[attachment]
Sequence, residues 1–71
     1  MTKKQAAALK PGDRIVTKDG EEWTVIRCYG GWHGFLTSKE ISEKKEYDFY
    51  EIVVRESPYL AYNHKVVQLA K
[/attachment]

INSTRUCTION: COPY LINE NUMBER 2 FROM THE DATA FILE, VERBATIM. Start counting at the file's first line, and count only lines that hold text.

     1  MTKKQAAALK PGDRIVTKDG EEWTVIRCYG GWHGFLTSKE ISEKKEYDFY